Wednesday's confirmation that Phillips Petroleum Co. is purchasing all of ARCO's Alaska assets from BP Amoco is great for the state. It means the Federal Trade Commission now can sign off on the BP/ARCO merger that's been in the works for more than a year. More important, it means the slowdown of new activity on the Slope soon will be ending and Alaskans can return to work.
The choice of Phillips is a good one. The company has decades of experience here, knows what to expect and has proven itself to be a good corporate citizen.
At a press conference announcing the agreement, Gov. Knowles noted that by offering up to $7 billion to purchase ARCO's Alaska assets, Phillips has tied its own prosperity to that of the state. ''That's quite an ambitious statement of confidence that shows the company's strong commitment to Alaska,'' Knowles said.
Sen. Frank Murkowski saw it as a good fit for the economy. ''The company knows Alaska and is big enough to afford Alaska's costs, but small enough where it will really want to develop and get to market the natural gas holdings it is acquiring from ARCO,'' he said.
Phillips' Chairman and CEO Jim Mulva, in town along with BP Amoco Deputy CEO Rodney Chase to sign the agreement, committed to aggressively pursue exploration and development opportunities here in an environmentally responsible manner.
He welcomed to the Phillips' family Alaska's ARCO employees, for whom he said he has great respect and admiration. Phillips intends to use the ARCO staff's technical expertise in the continued development of Alpine, Kuparuk, NPRA and Prudhoe Bay satellite fields. Phillips will be investing more than a half-billion dollars over the next year in these development projects.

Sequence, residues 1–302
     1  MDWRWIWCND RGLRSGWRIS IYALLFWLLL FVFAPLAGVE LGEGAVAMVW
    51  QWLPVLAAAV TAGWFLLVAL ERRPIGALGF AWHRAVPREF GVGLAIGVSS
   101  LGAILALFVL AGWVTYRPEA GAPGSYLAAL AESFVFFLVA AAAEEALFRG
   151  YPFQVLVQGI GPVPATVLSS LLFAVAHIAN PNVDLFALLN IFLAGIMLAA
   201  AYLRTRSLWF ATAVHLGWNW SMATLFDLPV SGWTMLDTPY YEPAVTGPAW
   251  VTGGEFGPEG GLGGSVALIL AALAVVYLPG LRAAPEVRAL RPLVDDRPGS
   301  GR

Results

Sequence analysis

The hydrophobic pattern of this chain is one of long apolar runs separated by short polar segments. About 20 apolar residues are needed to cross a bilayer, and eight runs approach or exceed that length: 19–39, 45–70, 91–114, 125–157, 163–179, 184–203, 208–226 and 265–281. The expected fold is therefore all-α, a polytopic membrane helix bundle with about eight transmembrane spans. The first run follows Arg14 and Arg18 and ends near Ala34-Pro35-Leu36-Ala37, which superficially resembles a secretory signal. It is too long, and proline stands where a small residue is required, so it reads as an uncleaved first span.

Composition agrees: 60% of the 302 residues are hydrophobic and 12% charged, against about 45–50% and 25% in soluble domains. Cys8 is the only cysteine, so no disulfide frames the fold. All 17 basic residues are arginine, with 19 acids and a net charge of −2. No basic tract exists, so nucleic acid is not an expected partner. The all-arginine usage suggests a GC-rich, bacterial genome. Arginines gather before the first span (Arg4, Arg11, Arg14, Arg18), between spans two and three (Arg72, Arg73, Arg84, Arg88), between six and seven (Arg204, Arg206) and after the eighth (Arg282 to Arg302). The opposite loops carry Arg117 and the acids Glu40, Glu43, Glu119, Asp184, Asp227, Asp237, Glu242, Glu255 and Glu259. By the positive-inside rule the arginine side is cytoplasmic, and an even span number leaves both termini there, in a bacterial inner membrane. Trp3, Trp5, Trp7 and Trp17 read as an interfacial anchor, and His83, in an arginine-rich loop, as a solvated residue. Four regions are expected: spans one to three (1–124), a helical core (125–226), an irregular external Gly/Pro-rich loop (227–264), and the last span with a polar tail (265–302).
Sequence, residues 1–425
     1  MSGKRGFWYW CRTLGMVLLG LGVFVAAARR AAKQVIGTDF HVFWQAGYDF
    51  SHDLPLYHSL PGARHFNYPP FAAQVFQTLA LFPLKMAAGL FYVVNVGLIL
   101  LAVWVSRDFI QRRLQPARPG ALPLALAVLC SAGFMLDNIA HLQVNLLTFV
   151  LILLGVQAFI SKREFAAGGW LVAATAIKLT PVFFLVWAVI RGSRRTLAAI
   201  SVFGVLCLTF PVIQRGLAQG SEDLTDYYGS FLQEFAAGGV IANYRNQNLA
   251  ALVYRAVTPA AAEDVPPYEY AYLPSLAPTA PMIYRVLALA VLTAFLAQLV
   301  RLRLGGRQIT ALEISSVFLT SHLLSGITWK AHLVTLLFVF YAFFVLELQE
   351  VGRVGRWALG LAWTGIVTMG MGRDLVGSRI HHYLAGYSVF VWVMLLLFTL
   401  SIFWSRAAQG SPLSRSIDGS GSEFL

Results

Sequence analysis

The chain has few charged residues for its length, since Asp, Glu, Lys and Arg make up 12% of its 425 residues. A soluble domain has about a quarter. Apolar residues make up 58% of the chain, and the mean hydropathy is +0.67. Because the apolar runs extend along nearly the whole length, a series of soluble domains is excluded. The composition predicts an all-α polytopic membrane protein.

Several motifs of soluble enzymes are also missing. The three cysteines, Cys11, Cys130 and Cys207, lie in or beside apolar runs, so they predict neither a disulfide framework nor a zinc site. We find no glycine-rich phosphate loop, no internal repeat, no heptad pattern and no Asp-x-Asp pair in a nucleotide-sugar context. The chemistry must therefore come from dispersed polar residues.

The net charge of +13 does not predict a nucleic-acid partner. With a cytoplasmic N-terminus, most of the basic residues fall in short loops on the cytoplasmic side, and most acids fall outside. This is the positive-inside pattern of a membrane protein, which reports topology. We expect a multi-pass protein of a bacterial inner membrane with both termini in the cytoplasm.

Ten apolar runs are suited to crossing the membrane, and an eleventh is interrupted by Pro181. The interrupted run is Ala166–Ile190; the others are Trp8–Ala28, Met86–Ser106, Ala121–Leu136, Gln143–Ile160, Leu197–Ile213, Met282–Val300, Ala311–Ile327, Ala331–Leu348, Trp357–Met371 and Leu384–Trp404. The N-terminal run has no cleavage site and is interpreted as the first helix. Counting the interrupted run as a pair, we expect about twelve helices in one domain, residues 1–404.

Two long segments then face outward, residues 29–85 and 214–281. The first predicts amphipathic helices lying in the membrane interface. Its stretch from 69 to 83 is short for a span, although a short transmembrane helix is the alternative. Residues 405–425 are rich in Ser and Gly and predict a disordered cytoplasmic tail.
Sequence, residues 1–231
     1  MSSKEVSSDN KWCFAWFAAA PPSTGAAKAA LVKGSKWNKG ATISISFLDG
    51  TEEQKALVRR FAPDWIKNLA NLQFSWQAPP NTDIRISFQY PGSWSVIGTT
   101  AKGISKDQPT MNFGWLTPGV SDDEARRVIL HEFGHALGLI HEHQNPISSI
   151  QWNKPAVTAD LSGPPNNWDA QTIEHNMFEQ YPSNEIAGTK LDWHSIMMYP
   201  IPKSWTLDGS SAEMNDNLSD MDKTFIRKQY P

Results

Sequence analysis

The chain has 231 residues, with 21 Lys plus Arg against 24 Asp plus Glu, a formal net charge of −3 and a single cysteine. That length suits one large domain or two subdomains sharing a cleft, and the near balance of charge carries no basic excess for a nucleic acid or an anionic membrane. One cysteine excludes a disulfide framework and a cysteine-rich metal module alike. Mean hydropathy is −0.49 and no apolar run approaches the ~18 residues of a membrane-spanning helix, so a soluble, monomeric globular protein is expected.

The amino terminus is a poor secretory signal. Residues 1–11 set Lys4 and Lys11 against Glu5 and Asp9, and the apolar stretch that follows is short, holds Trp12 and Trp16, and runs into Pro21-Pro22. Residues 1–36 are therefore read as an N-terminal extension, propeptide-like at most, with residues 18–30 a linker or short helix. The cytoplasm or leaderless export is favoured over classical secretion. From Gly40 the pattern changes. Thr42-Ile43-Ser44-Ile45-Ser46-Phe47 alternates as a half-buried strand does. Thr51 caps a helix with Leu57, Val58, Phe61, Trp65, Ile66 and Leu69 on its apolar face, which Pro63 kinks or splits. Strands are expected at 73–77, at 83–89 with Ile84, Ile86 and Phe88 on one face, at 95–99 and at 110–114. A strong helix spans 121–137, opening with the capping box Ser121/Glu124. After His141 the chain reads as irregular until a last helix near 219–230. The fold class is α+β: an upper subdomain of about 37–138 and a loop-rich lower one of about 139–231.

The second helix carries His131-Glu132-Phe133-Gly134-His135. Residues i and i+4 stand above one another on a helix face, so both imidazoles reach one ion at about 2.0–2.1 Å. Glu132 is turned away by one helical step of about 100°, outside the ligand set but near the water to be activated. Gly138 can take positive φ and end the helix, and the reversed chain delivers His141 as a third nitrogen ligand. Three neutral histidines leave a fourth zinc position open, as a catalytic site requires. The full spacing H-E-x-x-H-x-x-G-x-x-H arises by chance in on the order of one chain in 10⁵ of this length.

Mulva was particularly optimistic about reserves of natural gas, and he committed to aggressively look at the various options for delivering that gas to market.
BP's Chase pledged that both companies will honor the provisions of the Charter agreement signed with the state. He said provisions pertaining to the sale of natural gas; the purchase of production from small North Slope producers; access to BP's North Slope facilities; the release of seismic data; conversion of the BP-chartered tanker fleet to double hulls; Alaska hire, buy and build; the cleanup of orphan sites, and charitable giving all remain in force.
Last year, when this acquisition process began, there was disagreement among Alaskans about whether the efficiencies and lower costs of the merger outweighed the merits of competition.
With Phillips now in the picture, Alaskans get the best of both worlds: the efficiencies of a merged BP/ARCO operation elsewhere, and continued competition, jobs, business opportunities and commitments in Alaska's oil patch.
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